As nineteen hands shoot up in the air, third grade teacher Indra Bhandari can’t help but smile. She calls on one student for a response to the question she’s posed, and a chorus of voices meets her ears, providing the answer in unison. It’s a pattern that continues throughout the lesson, with the student that has been called upon straining to be heard over the commotion.
The events of the day are a common scene at Shree Krishna Nepal Rastriya Primary School, which launched a partnership with Room to Read in 2008. Since that time, Room to Read has worked with the community of Pyuthan to establish a school library, construct new classrooms and provide support and materials for literacy instruction. The classrooms now teem with eager students, many of whom walk for more than two hours to school each day.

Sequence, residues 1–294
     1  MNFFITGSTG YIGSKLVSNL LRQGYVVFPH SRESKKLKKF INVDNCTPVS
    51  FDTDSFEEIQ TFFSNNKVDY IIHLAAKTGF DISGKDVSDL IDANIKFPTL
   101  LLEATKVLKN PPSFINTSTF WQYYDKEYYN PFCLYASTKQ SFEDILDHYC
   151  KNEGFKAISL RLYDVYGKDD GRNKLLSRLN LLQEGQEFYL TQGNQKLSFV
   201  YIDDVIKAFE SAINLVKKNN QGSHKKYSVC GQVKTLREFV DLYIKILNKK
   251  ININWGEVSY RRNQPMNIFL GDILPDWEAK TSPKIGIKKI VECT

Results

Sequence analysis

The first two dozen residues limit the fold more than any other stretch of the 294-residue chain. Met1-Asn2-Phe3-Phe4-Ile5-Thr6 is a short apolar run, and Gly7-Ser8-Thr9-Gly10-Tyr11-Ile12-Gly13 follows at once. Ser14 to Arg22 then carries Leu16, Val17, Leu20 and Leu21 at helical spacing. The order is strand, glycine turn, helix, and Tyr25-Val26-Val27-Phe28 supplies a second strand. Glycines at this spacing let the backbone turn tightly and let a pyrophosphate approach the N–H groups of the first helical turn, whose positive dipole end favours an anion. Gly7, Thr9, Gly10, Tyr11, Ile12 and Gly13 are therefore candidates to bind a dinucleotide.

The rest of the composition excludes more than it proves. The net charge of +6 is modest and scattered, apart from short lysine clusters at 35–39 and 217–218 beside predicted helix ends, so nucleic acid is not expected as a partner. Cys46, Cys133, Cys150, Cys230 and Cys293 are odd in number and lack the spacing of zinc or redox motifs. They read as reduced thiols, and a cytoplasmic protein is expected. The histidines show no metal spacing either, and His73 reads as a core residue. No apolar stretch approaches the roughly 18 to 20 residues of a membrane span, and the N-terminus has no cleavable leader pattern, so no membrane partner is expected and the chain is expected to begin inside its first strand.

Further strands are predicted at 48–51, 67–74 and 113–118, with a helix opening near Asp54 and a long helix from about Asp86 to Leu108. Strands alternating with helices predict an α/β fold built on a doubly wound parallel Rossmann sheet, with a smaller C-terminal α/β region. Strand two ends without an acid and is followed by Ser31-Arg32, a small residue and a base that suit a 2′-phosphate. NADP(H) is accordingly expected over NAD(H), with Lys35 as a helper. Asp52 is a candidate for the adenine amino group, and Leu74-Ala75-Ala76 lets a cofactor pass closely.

“The materials from the Reading and Writing Instruction program have helped us a lot,” says Ms. Bhandari. “The word pinwheels, alphabet cards, consonant-vowel charts and posters help the students to grasp the fundamental aspects of Nepali language and the subtle nuances sprinkled throughout it.”
Today she is preparing the class for a group exercise that involves the word pinwheels, which have different letter combinations on each layer that can be lined up to create a full word or sentence. “I separate the class in groups,” explains Ms. Bhandari. “Afterward, I have them recite the words and sentences they made using the tool.”
She has introduced activities like the pinwheel game in an effort to make the classroom more interactive and lively—a concept she learned during her in-service training, provided by Room to Read. The training has led to a fundamental shift in Ms. Bhandari’s teaching methods, and in three short years she has already seen impressive results. “My students are actively participating in class now,” she says. “They are no longer passive listeners as before.”
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